And all the more so for those of us who spend some time at the seder discussing the themes of the holiday. If you dwell at length on the text of the traditional haggadah, then you have most likely encountered the most relevant statement about what it means to be Jewish. It’s quoted straight out of the Mishnah (Pesahim 10:5):

בְּכָל דּוֹר וָדוֹר חַיָּב אָדָם לִרְאוֹת אֶת עַצְמוֹ כְּאִלּוּ הוּא יָצָא מִמִּצְרַיִם, שֶׁנֶּאֱמַר (שמות יג), וְהִגַּדְתָּ לְבִנְךָ בַּיּוֹם הַהוּא לֵאמֹר, בַּעֲבוּר זֶה עָשָׂה ה’ לִי בְּצֵאתִי מִמִּצְרָיִם

Bekhol dor vador hayyav adam lir’ot et atzmo ke-ilu hu yatza miMitzrayim, shene-emar: “Vehigadta levinkha bayom hahu lemor, ba’avur zeh asa Adonai li betzeti miMitzrayim.”

In every generation, one must see oneself as having personally come forth from Egypt, as it is written (Ex. 13:8), “And you shall explain to your son on that day, ‘It is because of what the Lord did for me when I went free from Egypt.’”

When I was growing up, we used to read through the haggadah in English, full-speed ahead, do not pass Go, do not collect 200 sheqels. So I never really paid much attention to this line until I was in my 30s.

But this is in fact the whole reason that we gather and tell the story on the first night of Pesah : to make it personal. To put ourselves into the story. To walk a mile in the shoes of our ancestors, to connect with their struggles. To re-live the formation of the Israelite nation, conceived in slavery and delivered at Mt. Sinai. We went down into Egypt as a family and emerged as a people, as Am Yisrael. And as much as we celebrate our freedom on Pesah, we also celebrate our identity as members of the tribe that left Egypt together and received the Torah together.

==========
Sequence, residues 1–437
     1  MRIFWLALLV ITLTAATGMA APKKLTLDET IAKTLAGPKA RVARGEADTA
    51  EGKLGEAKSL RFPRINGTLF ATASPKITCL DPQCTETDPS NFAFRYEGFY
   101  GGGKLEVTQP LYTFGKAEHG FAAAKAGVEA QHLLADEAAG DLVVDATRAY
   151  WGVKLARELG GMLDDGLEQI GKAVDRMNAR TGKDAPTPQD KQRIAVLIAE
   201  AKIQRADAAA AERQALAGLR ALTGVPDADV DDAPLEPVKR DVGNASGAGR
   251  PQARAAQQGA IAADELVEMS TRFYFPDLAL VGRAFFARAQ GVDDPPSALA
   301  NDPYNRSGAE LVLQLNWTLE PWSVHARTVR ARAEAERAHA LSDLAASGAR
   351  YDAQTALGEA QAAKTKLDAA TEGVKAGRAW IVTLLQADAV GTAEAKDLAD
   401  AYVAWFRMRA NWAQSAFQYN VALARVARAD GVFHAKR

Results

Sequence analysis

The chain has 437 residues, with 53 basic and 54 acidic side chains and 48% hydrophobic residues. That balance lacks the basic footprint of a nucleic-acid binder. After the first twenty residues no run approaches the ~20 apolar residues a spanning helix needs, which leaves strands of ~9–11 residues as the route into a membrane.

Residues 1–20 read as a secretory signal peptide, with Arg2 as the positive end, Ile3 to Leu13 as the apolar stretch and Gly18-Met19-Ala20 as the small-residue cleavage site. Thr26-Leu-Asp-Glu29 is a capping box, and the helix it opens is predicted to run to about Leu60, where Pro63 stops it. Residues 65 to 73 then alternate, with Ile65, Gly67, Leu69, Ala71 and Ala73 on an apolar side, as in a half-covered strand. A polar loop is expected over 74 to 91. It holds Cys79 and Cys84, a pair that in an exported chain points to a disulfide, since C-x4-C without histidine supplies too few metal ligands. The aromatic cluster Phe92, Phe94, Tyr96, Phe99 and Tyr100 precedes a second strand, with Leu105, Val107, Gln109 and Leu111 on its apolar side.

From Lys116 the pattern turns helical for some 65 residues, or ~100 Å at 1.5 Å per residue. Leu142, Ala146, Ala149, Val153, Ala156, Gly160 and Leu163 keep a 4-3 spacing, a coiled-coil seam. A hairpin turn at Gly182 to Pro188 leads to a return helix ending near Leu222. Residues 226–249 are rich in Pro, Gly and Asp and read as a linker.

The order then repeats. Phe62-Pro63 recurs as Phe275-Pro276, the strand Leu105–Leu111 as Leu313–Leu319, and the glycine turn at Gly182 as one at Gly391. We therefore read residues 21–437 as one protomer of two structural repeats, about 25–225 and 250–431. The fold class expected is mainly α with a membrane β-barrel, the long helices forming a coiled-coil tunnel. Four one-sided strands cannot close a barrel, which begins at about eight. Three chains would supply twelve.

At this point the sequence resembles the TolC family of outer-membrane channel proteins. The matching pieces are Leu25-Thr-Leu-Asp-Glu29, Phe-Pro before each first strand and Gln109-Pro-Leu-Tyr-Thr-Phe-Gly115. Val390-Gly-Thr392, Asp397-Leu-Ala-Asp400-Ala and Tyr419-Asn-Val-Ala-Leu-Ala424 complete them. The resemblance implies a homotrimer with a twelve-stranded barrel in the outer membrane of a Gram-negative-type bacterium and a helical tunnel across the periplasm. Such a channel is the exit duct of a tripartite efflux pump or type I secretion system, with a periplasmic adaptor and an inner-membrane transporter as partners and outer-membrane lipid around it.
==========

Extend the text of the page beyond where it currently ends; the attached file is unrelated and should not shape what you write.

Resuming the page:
And so it is our duty to reinforce that message at the seder, not only to dine as free people in the style of the Greek symposium, reclining and dipping and telling weighty stories, but also to connect ourselves with slavery, and to tell our children about it.

And how do we do that? How do we teach our children, who are mostly, thankfully, being raised sheltered from even the strife and hardships that our grandparents knew, what it’s like to be a slave? While we are reclining in our safe, comfortable homes, in an environment in which food is always plentiful, where debts are mostly politely confined to paperwork, where manual labor is generally an option, how do we continue the generational transmission of understanding oppression?

Here are a few ideas:

  1. Ask those gathered to discuss what we are “slaves” to (job, mortgage, alarm clock, etc.). Are we really “free?”
  2. If you have any Shoah survivors at the table, ask them if they were ever slaves, and perhaps to describe their experiences.
  3. Find some information in advance about slaves in the world today. Estimates vary, but there are many millions. Consider our economic habits and how they may keep people enslaved in distant lands (see, for example, slaveryfootprint.org). Consider what that means in the context of our heritage.